Skyview Radio club talks to the world
By Wynne Everett
Sunday, June 27, 2004

UPPER BURRELL-- For Bill Bell, the shorthand of amateur radio is a second language.

Listening to blips and bleeps over a radio Saturday, Bell, of Springdale, casually pointed out that the person on the other end of the transmission was half-way around the world.

"They're in Poland," he said.

"Poland?" a reporter asked.
"Yeah, don't you understand Morse code?"

A ham _ amateur radio operator _ for 54 years, Bell is also one of the founding members of the Skyview Radio Society. He and about 20 other members gathered at the club's headquarters high atop Upper Burrell Saturday for the annual field day event. The field day, sponsored by American Radio Relay League, aimed to have as many amateur radio operators as possible contact each other around the globe. Skyview members hoped to reach about 500 contacts, including people in all 50 states and many foreign countries.

Even before the field day officially began, Skyview member Bob Boehner, of Oakmont, checked in with amateur radio operators in Cuba and Turkey. Though some hams like to speak to each other over the radio, many also communicate with text messages or with Morse code. Though talking with other hams can be fun, the Morse code is often more efficient.

"There are no accents in Morse code," Boehner said.

Boehner, of Oakmont, got into amateur radio with his dad as a seventh grader in 1976.

His own children are less impressed, Boehner said.

"I'll come upstairs and they'll be on the Internet and I'll tell them I just talked to someone in Australia," Boehner said. "They just look at me."

But unlike the Internet or cell phones, ham radios will continue to work without electricity. Powered by batteries or generators, ham radios aren't as fast or cool as the Internet, but in an emergency, they're more reliable.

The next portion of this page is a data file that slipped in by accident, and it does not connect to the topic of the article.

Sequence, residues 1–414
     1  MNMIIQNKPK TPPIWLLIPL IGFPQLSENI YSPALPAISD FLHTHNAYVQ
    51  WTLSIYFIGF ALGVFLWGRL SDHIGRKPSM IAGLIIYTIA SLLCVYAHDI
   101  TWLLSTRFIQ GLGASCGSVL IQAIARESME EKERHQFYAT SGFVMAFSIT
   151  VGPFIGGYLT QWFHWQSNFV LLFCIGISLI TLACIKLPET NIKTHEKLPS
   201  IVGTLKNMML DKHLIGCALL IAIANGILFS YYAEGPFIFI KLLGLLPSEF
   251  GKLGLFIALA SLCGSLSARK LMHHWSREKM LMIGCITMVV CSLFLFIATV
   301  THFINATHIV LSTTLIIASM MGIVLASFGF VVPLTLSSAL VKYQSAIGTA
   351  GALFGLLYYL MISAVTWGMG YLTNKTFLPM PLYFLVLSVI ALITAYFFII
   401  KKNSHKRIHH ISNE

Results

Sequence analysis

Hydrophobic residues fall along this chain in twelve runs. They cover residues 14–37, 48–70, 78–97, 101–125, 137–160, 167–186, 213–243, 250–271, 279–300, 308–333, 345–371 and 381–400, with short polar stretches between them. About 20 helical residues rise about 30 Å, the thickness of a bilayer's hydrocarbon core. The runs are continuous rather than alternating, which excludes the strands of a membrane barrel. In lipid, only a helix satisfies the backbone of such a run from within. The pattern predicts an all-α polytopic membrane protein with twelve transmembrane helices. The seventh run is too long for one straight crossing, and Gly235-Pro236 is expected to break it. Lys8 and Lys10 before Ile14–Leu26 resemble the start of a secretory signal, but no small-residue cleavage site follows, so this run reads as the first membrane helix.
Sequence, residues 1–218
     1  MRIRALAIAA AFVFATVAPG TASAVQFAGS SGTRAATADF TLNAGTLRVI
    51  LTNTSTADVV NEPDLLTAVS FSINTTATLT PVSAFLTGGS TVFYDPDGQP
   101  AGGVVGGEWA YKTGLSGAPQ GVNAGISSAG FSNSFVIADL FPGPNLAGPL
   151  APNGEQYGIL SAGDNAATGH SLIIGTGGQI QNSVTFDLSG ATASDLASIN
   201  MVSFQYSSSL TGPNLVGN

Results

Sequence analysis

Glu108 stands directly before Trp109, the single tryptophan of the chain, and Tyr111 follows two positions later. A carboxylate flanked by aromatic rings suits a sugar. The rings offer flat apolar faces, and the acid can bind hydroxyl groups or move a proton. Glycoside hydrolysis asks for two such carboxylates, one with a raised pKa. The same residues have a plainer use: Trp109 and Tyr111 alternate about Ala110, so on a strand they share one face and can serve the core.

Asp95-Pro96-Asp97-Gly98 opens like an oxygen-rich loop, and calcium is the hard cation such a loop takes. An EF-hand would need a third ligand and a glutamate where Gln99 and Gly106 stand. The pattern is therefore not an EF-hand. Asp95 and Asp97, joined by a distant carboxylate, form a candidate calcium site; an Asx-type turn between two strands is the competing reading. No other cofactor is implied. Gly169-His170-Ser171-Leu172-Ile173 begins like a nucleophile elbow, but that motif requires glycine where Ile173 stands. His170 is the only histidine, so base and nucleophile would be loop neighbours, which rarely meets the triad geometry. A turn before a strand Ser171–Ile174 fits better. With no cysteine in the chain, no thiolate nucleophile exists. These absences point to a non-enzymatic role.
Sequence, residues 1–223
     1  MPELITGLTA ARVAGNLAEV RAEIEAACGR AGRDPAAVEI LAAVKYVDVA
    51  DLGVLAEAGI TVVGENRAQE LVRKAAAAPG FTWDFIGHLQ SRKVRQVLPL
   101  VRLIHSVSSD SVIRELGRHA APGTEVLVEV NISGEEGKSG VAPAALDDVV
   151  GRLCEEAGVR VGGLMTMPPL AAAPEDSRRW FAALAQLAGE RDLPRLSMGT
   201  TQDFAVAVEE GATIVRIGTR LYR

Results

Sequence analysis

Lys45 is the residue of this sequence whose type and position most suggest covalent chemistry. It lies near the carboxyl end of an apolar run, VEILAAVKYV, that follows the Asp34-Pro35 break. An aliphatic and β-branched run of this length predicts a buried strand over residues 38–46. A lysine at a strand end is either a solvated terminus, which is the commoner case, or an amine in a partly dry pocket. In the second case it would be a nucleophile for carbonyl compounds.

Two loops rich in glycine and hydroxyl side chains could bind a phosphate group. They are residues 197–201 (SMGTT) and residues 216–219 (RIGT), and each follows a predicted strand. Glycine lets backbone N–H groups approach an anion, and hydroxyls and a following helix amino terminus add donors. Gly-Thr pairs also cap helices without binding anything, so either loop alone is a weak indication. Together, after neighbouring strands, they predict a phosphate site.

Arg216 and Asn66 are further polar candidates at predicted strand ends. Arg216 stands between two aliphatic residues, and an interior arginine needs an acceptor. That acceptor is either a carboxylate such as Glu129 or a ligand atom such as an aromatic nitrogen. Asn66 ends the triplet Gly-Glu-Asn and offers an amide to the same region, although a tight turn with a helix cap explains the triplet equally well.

"This works independently if all else fails," Skyview president Bob Bastone said.

For this reason, government and emergency officials rely on amateur operators to be ready for national emergencies. Ham operators must pass a test and be licensed. And events like Saturday's field day are designed to practice for natural disasters or other emergencies that might require ham operators to keep communities connected.

But most amateur radio operators are drawn into the hobby for the fun of it. The far-flung contacts are Bell's passion. He's reached 297 countries and scans lists of distant radio operators he can try to contact.

Once hams connect over the air waves, they traditionally send each other colorful postcards as souvenirs. Bell proudly showed off cards sent by ham operators in Mongolia, Kazakhstan and even one mailed from the Soviet Union in 1965.

Club members also enjoy building their own radio sets. Boehner showed off a pair of transmitters made from empty Altoids tins. Bell crafted one out of an empty roll-on deodorant container.

"It smells nice!" he bragged.

The transmitter was powerful enough to talk to a man in Haiti this week, Bell said.

He's also built a transmitter from a beer can and adapted an old grocery buggy to haul around the battery used to power Saturday's field day.

"The thing is that this is a hobby where you can spend a kajillion dollars or you can pull something out of the trash," Bastone said.

Bastone, of Springdale, got into amateur radio 23 years ago after winning $50 in a raffle.

"It was either a radio or a guitar," he said. "So I guess if I weren't doing this, I could have been a rock star."